Untroubled Mind, The


He only earns his freedom and existence
Who daily conquers them anew.


A good many writers on self-control and kindred subjects insist that we shall conscientiously and consciously govern our mental lives. They say, “You must get up in the morning with determination to be cheerful.” They insist that in spite of annoyance or trouble you shall keep a smiling face, and affirm to yourself over and over again the denial of annoyance.

I do not like this kind of self-control. I wish I could admire it and approve it, but I find I cannot because it seems to me self-conscious and superficial. It is better than nothing and unquestionably adds greatly to the sum of human happiness. But I do not think we ought to be cheerful if we are consumed with trouble and sorrow. The fact is we ought not to be for long beyond a natural cheerfulness that comes from the deepest possible sources. While we are sad, let us be so, simply and naturally; but we must pray that the light may come to us in our sorrow, that we may be able soon and naturally to put aside the signs of mourning.

The person who thinks little of his own attitude of mind is more likely to be well controlled and to radiate happiness than one who must continually prompt himself to worthy thoughts. The man whose heart is great with understanding of the sorrow and pathos of life is far more apt to be brave and fine in his own trouble than one who must look to a motto or a formula for consolation and advice. Deep in the lives of those who permanently triumph over sorrow there is an abiding peace and joy. Such peace cannot come even from ample experience in the material world. Despair comes from that experience sometimes, unless the heart is open to the vital spirit that lies beyond all material things, that creates and renews life and that makes it indescribably beautiful and significant. Experience of material things is only the beginning. In it and through it we may have experience of the wider life that surrounds the material.

Our hearts must be opened to the courage that comes unbidden when we feel ourselves to be working, growing parts of the universe of God. Then we shall have no more sorrow and no more joy in the pitiful sense of the earth, but rather an exaltation which shall make us masters of these and of ourselves. We shall have a sympathy and charity that shall need no promptings, but that flow from us spontaneously into the world of suffering and need.

Beethoven was of a sour temper, according to all accounts, but he wrote his symphonies in the midst of tribulations under which few men would have worked at all. When we have felt something of the spirit that makes work inevitable, it will be as though we had heard the eternal harmonies. We shall write our symphonies, build our bridges, or do our lesser tasks with dauntless purpose, even though the possessions that men count dear are taken from us. Suppose we can do very little because of some infirmity: if that little has in it the larger inspiration, it will be enough to make life full and fine. The joy of a wider life is not obtainable in its completeness; it is only through a lifetime of service and experience that we can approach it. That is the proof of its divine origin—its unattainableness. “God keep you from the she wolf and from your heart’s deepest desire,” is an old saying of the Rumanians. If we fully obtain our desires, we prove their unworthiness. Does any one suppose that Beethoven attained his whole heart’s desire in his music? He might have done so had he been a lesser man. He was not a cheerful companion. That is unfortunate, and shows that he failed in complete inspiration and in the ordinary kind of self-control. He was at least sincere, and that helped not a little to make him what he was. I would almost rather a man would be morose and sincere than cheerful from a sense of duty.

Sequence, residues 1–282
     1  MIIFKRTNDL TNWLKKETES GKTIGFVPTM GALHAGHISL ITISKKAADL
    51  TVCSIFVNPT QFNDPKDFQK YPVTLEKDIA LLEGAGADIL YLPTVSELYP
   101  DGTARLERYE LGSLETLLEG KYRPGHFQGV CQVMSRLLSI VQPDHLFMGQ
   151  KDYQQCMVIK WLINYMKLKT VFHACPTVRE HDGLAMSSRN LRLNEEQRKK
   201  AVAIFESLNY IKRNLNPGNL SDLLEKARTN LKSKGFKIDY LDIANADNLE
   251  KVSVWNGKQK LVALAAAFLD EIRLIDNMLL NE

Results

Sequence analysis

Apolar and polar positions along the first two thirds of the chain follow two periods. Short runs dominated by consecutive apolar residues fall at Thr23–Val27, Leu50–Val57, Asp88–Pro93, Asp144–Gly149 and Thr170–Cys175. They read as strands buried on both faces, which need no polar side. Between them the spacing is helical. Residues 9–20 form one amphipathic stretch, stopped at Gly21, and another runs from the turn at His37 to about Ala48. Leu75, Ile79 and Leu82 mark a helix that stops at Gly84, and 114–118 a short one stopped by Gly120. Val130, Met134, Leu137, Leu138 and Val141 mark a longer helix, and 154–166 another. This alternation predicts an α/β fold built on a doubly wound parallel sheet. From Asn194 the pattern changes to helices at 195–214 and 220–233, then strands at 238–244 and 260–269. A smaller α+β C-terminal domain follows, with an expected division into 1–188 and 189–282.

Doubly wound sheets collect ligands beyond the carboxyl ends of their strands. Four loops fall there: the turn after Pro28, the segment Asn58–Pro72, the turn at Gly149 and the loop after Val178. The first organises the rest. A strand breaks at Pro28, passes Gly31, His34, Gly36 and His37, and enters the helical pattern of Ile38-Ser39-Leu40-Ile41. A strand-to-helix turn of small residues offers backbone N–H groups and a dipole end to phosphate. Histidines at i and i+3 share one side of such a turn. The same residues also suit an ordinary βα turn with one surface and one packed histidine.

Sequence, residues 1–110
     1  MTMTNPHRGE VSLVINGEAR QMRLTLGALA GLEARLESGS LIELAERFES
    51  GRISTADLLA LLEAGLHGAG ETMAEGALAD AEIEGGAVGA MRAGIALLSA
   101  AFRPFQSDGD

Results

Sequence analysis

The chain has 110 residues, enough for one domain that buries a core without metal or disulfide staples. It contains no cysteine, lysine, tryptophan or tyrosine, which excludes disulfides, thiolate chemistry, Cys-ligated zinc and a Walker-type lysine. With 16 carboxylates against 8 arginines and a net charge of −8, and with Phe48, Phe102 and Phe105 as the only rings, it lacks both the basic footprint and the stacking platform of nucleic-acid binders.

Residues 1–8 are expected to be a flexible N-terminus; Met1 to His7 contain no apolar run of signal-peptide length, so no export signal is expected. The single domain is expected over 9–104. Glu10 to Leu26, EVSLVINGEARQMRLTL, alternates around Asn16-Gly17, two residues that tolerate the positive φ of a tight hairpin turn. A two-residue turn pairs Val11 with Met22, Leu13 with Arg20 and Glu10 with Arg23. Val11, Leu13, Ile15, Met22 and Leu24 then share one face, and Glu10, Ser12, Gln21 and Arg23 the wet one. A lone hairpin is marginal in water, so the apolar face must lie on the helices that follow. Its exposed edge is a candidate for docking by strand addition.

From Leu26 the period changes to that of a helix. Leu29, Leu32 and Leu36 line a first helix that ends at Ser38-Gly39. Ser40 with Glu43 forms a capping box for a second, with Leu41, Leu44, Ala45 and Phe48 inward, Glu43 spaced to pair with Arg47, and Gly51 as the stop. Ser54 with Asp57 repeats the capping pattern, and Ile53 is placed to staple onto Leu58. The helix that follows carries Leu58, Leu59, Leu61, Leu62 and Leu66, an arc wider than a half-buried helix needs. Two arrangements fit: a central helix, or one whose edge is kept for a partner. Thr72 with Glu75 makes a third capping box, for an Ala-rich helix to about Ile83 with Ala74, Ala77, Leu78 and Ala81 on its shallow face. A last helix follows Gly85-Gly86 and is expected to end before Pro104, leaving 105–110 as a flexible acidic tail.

Our knowledge of the greater things of life must always be substantiated and worked out into realities of service, or else we shall be weak and ineffective. The charity that balks at giving, reacts upon a man and deadens him. I am always insisting that we must not live and serve through a sense of duty, but that we must find the inspiration first. It is better to give ourselves to service not for the sake of finding God, but because we have found Him and because our souls have grown in the finding until we cannot help giving. If we have grown to such a stature we shall be able to meet sorrow and loss bravely and simply. We shall feel for ourselves and for others in their troubles as Forbes Robertson did when he wrote to his friend who had met with a great loss: “I pray that you may never, never, never get over this sorrow, but through it, into it, into the very heart of God.” All this is very unworldly, no doubt, and yet I will venture the assertion that such a standard and such a method will come nearer to the mark of successful and well-controlled living than the most carefully planned campaign of duty. If we plan to make life fine, if we say, in effect, “I will be good and cheerful, no matter what happens,” we are beginning at the wrong end. We may be able to work back from our mottoes to real living, but the chances are we shall stop somewhere by the way, too confused and uncertain to go on. Self-control, at its best, is not a conscious thing. It is not well that we should try to be good, but that we should so dignify our lives with the spirit of good that evil becomes well-nigh impossible to us.

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